Skip to Main Content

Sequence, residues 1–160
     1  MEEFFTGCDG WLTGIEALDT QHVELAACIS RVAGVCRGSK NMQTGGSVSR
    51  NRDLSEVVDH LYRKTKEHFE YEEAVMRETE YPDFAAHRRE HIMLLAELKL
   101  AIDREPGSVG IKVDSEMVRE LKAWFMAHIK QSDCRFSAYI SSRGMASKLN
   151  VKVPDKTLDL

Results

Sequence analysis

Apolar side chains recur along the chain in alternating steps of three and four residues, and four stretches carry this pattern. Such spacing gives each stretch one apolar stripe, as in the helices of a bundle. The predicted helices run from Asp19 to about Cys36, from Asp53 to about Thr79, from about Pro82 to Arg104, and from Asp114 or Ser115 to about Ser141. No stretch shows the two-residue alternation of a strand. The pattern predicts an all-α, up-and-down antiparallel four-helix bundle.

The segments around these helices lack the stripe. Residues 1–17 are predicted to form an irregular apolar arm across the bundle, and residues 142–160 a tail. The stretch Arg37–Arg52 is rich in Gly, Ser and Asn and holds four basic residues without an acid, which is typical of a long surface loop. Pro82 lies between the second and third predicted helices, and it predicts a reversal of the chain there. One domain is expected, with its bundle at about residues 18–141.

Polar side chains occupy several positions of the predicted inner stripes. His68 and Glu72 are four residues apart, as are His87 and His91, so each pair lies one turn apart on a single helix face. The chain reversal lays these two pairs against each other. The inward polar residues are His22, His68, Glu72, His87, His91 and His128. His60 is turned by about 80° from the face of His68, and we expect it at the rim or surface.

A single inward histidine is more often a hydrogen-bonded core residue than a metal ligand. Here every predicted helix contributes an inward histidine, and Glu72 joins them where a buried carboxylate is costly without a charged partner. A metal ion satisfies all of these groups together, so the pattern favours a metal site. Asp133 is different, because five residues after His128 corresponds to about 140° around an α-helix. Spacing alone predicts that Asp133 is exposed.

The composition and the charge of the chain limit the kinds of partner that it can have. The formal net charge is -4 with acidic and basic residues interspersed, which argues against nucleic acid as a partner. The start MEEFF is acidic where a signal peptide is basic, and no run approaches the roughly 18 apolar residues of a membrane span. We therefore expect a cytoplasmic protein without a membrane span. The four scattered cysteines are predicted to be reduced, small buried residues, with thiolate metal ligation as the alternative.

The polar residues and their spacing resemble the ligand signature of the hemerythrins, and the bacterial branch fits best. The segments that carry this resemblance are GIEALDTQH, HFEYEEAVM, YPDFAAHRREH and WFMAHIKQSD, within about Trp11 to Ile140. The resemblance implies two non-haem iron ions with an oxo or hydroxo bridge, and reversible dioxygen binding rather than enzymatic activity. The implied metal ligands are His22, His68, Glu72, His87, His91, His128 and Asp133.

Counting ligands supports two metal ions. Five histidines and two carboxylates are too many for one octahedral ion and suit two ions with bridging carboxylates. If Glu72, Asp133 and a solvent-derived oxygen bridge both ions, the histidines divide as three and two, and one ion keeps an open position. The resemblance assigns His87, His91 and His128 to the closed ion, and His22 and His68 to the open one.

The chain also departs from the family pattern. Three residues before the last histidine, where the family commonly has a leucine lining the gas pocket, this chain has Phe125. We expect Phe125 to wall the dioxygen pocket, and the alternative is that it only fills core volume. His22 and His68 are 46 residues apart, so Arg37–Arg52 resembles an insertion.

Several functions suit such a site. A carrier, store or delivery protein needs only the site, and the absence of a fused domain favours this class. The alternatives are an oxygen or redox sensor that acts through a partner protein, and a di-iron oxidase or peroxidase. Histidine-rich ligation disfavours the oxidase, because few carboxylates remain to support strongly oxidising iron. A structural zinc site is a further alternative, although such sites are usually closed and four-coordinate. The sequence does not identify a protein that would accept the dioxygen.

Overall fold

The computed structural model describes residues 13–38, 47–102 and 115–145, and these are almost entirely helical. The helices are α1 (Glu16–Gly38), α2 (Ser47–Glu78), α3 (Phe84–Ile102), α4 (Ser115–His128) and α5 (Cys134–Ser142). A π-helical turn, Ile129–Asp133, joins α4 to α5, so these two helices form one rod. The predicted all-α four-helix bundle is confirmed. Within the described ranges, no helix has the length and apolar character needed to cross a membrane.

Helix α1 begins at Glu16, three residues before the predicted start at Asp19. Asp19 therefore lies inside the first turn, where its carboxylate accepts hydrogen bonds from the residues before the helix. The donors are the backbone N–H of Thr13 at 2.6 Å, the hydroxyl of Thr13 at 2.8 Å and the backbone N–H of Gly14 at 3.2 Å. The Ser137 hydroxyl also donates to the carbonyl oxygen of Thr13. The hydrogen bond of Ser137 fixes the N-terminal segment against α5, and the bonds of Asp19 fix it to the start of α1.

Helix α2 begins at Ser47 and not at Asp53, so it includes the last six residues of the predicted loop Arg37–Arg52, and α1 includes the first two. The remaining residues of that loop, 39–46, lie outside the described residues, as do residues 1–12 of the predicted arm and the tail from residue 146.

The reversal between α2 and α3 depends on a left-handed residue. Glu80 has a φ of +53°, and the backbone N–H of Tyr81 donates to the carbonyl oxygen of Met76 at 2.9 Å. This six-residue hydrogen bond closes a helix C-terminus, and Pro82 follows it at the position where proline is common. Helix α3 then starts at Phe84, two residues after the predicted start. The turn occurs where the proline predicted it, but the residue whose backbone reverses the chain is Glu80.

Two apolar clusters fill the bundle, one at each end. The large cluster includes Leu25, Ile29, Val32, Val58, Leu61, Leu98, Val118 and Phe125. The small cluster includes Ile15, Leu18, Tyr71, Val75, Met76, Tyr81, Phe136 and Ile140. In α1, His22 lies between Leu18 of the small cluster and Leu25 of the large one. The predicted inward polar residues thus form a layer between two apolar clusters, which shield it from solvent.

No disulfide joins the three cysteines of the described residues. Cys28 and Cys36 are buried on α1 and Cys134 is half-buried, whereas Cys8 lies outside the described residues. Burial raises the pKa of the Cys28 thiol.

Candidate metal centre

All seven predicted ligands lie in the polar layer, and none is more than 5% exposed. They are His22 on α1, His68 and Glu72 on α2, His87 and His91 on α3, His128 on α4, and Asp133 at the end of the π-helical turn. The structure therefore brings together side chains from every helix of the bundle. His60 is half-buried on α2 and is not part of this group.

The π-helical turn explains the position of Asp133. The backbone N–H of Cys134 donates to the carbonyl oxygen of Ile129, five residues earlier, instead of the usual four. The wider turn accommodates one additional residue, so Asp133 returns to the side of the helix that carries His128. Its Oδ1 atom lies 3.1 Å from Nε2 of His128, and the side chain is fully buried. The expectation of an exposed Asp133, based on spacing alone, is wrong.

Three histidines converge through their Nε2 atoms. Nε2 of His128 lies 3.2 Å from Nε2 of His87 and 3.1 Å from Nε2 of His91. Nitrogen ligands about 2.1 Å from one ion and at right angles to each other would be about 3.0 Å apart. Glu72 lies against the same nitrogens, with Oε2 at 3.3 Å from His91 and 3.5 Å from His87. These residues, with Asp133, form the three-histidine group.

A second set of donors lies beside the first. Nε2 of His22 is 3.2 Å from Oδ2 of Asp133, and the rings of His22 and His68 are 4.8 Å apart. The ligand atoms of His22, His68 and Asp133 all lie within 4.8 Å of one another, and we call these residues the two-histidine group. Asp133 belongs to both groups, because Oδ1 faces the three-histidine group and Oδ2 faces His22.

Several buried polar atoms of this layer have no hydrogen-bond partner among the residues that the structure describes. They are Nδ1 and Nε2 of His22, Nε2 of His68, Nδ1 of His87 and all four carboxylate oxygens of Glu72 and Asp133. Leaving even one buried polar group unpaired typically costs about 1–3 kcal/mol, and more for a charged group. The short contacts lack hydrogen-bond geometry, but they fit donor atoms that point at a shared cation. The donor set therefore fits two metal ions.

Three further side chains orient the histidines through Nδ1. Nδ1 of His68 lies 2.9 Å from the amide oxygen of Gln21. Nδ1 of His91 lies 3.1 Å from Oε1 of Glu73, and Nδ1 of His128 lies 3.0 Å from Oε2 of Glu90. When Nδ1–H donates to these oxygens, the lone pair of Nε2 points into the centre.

The enhancement of speech degraded by real-world interferers is a highly relevant and difficult task. Its importance arises from the multitude of practical applications, whereas the difficulty is due to the fact that interferers are often nonstationary and potentially similar to speech. The goal of monaural speech enhancement is to separate a single mixture into its underlying clean speech and interferer components. This under-determined problem is solved by incorporating prior knowledge in the form of learned speech and interferer dictionaries. The clean speech is recovered from the degraded speech by sparse coding of the mixture in a composite dictionary consisting of the concatenation of a speech and an interferer dictionary. Enhancement performance is measured using objective measures and is limited by two effects. A too sparse coding of the mixture causes the speech component to be explained with too few speech dictionary atoms, which induces an approximation error we denote source distortion. However, a too dense coding of the mixture results in source confusion, where parts of the speech component are explained by interferer dictionary atoms and vice-versa. Our method enables the control of the source distortion and source confusion trade-off, and therefore achieves superior performance compared to powerful approaches like geometric spectral subtraction and codebook-based filtering, for a number of challenging interferer classes such as speech babble and wind noise.